"Long live free press!" said the Chilean president, Sebastian Piñera, Monday, Feb. 13, on his Twitter account to commemorate Chile's journalism day, according to the news agency Emol. "A salute to the Chilean journalists and press on their national day," added Piñera via Twitter.
Curiously, the news attracted the attention of a few newspapers in Ecuador – like El Comercio, La Hora, and El Universo – where the country's president, Rafael Correa, has recently been widely criticized for his multiple attacks on press freedom and freedom of expression in his country.
Although not as serious as those in Ecuador, Chile has also suffered attacks on press freedom and freedom of expression lately. A few weeks ago, Chile fell back 47 places in the 2011-2012 Press Freedom Index, published by Reporters Without Borders, for the various attacks and arrests that journalists have suffered while covering the multiple protests happening in the country.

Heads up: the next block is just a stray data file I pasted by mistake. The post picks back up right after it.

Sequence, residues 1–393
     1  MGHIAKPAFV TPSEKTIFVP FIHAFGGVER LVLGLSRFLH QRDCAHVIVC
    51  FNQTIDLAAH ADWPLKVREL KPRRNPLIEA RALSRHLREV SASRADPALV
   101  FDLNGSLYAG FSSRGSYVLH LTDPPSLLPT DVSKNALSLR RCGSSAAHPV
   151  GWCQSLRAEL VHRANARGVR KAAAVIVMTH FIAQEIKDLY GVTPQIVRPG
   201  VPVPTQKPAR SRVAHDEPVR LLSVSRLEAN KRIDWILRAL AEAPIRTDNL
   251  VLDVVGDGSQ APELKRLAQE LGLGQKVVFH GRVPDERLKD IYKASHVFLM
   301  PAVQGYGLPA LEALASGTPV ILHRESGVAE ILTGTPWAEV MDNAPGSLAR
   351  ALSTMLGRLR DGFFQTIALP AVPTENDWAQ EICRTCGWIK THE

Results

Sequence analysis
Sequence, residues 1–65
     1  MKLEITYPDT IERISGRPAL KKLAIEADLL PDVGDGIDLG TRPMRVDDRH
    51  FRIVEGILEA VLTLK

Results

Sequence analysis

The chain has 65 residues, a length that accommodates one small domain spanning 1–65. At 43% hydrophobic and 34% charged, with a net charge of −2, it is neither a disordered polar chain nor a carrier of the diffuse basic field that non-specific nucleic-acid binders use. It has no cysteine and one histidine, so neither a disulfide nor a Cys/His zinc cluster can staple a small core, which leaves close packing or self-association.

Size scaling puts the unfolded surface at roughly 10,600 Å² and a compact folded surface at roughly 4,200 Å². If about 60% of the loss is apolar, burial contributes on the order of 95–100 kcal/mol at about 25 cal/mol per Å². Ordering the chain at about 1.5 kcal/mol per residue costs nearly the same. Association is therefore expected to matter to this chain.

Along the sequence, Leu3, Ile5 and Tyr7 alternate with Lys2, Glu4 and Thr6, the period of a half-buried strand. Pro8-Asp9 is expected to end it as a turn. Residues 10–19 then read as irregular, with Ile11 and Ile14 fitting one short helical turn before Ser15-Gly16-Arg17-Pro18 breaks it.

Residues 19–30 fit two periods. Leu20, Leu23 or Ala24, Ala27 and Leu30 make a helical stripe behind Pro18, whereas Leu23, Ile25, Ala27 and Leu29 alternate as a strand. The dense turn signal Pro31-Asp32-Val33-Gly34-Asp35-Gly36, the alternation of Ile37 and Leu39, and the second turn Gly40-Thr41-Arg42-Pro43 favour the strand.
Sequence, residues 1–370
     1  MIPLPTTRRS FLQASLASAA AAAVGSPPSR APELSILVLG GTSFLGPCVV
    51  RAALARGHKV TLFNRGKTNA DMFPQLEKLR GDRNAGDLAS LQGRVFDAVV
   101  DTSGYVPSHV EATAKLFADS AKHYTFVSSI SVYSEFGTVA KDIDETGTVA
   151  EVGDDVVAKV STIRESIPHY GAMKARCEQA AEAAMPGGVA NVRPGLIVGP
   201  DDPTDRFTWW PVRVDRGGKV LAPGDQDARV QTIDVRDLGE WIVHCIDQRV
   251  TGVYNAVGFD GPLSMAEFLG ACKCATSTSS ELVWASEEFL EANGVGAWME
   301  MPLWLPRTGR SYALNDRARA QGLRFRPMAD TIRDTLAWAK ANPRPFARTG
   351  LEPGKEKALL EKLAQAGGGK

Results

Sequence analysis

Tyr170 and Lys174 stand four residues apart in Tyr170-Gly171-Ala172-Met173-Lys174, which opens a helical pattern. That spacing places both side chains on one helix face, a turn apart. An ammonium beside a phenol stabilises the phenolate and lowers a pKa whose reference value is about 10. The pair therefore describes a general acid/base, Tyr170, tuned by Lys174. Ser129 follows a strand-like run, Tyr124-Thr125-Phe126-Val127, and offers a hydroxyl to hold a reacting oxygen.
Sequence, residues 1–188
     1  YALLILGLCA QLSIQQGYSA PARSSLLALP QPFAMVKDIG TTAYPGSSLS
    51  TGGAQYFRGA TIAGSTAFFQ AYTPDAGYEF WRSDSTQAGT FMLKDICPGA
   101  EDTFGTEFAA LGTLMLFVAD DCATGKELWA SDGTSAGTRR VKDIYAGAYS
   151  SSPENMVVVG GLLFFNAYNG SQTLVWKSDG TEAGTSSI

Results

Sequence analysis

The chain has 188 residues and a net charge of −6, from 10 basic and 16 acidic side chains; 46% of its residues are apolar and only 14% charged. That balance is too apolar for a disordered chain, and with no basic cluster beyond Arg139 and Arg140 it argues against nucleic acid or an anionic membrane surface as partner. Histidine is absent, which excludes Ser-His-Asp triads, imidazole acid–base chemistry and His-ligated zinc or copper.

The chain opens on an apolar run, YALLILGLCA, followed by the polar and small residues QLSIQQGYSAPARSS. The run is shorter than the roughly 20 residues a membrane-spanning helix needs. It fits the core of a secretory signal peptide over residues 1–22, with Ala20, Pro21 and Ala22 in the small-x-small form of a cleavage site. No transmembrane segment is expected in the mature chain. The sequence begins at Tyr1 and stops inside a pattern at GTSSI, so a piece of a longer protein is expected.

Chile was also criticized for proposing a law that would allow authorities to demand that the media hand over their information archives without a warrant, known as the “Hinzpeter Law.” After receiving multiple complaints from journalism unions in the country, the Chilean government withdrew the bill in January.
According to Radio Universidad de Chile, even though president Piñera made comments commending a free press and Chilean journalists, the Chilean press's current situation under Piñera's government has been criticized as one of the worst since the end of the dictatorship under Augusto Pinochet. “There is some worry among journalists that the attacks will increase in 2012,” the radio station added.